29
May 19

New data released by Zoopla has revealed that cautious buyers are negotiating harder on price resulting in a 3.9% widening in the difference between asking and selling prices.

According to the report from Zoopla, the gap between average asking prices to average achieved prices has increased in Q1 2019 across nearly all (16) cities, compared to 2018.

With the exclusion of Leicester, these discounts are increasing off a relatively low base and indicate that buyers are not prepared to keep pace with asking price growth. Different market dynamics in Edinburgh and Glasgow mean property sells for more than the asking price but the scale of the premium has declined in 2019Q1 compared to 2018.

Regional breakdown

The current UK average for the gap between asking price to selling price is 3.9%, up from 3.3% in 2018. Six cities registered average discounts above the current national average, with Aberdeen registering the highest discounts at over 8%. This is consistent with the decrease in demand for housing in the city due to the collapse in the oil price since 2015. Newcastle and Liverpool also registered higher gaps than the national average although the level of discounts has narrowed over the last 3 years as underlying market conditions improve.

Only two cities, Glasgow and Edinburgh, registered average sale prices as higher than average asking prices. Typically, properties in Edinburgh sell for 6.3% more than their listing price, while stock in Glasgow shifts for 5.2% above asking price.

Discounts increase in London

In London, which has led the slowdown in house prices, the average differential between asking price and selling price has increased from 4.8% in 2018 to 5.7% today. Price falls have been concentrated in inner London areas where average discounts are highest at 7.6%. In some central areas, such as Kensington & Chelsea, buyers continue to achieve double digit discounts. In outer London and the commuter locations, the gap is lower, averaging 5.1%.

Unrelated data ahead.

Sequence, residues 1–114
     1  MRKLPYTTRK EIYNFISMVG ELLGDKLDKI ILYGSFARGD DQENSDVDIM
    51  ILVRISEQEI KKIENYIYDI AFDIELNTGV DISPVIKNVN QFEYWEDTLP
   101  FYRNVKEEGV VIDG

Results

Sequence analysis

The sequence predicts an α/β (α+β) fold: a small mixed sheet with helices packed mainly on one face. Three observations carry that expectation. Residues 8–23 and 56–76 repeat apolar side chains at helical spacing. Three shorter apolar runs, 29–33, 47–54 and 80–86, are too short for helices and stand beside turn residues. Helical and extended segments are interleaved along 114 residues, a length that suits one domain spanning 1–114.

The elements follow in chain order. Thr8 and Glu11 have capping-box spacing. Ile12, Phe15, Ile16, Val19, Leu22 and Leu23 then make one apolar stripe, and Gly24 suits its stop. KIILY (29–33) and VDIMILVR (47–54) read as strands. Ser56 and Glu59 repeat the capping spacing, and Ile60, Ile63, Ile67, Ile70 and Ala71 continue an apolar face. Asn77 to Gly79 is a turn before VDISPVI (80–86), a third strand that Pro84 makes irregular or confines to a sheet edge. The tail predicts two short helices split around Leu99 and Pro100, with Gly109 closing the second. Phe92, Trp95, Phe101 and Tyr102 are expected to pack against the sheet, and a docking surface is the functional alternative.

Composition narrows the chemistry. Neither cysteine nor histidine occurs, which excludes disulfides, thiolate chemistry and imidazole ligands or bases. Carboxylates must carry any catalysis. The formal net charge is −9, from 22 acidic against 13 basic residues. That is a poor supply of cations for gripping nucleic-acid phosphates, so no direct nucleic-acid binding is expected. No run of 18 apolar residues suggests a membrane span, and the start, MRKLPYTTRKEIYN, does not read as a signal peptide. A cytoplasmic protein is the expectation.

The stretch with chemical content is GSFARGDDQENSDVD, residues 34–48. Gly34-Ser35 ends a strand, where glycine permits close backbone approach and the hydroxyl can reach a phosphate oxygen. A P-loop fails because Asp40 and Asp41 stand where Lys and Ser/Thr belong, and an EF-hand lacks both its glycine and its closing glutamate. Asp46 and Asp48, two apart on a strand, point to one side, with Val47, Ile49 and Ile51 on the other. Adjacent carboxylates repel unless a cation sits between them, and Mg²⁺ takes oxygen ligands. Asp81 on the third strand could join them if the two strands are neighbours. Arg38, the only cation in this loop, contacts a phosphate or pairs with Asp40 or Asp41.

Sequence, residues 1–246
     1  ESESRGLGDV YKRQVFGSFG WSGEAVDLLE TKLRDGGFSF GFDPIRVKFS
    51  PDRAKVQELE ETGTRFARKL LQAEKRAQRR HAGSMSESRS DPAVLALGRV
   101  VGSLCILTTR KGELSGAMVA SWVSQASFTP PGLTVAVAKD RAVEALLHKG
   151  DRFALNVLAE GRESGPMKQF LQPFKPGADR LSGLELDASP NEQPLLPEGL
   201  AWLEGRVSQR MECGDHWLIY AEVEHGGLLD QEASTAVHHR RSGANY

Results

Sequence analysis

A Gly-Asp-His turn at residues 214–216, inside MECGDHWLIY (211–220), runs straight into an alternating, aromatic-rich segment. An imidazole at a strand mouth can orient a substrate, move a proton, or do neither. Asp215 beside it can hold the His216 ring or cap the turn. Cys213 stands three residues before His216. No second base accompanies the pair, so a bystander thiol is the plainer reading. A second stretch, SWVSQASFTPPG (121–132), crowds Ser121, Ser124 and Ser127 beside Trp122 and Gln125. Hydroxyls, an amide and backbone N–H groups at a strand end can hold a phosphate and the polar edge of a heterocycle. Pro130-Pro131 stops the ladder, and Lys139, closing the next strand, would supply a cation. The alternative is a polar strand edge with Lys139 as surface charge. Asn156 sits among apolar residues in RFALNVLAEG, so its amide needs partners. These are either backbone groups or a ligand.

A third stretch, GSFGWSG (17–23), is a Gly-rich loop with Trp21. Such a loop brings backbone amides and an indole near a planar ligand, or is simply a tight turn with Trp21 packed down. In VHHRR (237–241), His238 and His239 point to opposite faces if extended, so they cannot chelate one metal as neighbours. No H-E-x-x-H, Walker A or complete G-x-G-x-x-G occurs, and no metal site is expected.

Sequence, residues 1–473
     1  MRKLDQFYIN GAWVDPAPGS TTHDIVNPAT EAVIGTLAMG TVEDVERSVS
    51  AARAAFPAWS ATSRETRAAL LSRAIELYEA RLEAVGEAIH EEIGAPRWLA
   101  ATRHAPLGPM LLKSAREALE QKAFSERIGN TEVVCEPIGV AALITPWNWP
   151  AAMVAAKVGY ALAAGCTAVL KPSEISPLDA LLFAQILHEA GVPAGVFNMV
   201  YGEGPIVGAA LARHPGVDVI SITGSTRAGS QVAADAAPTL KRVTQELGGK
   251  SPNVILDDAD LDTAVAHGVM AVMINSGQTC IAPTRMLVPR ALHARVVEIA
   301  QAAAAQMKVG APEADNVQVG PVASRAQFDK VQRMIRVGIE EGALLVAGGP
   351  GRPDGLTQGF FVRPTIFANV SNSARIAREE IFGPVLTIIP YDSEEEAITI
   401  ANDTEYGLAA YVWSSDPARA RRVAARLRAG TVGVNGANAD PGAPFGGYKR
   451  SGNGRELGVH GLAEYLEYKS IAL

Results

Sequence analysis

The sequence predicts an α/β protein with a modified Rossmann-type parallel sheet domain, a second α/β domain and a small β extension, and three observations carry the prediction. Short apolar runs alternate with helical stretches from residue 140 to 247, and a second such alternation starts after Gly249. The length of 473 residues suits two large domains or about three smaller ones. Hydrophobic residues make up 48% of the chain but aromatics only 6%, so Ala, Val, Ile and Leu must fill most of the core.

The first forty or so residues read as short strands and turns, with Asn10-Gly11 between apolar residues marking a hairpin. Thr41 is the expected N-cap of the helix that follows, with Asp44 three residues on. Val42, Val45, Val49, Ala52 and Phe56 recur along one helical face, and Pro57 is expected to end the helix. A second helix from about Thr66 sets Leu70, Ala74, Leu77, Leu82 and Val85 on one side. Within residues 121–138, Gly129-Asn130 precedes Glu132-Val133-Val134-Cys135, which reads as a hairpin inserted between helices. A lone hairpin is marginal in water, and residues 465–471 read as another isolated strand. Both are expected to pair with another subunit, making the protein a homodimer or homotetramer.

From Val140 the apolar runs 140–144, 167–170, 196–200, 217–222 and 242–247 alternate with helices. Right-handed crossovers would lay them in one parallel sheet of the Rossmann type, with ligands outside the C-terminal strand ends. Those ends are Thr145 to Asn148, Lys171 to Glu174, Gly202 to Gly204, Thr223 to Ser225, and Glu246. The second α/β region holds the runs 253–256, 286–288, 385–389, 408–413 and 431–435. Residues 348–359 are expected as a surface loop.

House price growth softens

The level of house price growth across UK cities continues to slow, following the national trend. UK Cities registered the smallest spread in annual growth since 1996 according to the latest Zoopla UK Cities House Price Index. Price growth ranged from +5.1% in Glasgow, which is the lowest growth rate of the best performing city since 2012, to -0.5% in London. Overall, house prices increased by 1.7% over the 12 months to April 2019.

The latest index results reveal a softening in the annual rate of growth across most cities, with this slowdown now extending beyond southern England. Manchester, Nottingham and Leicester are among the regional cities registering a slowdown in price growth. The deceleration in house prices is still most marked in southern England with Bristol, Portsmouth, Bournemouth and Southampton all registering price inflation at or below 2.5%.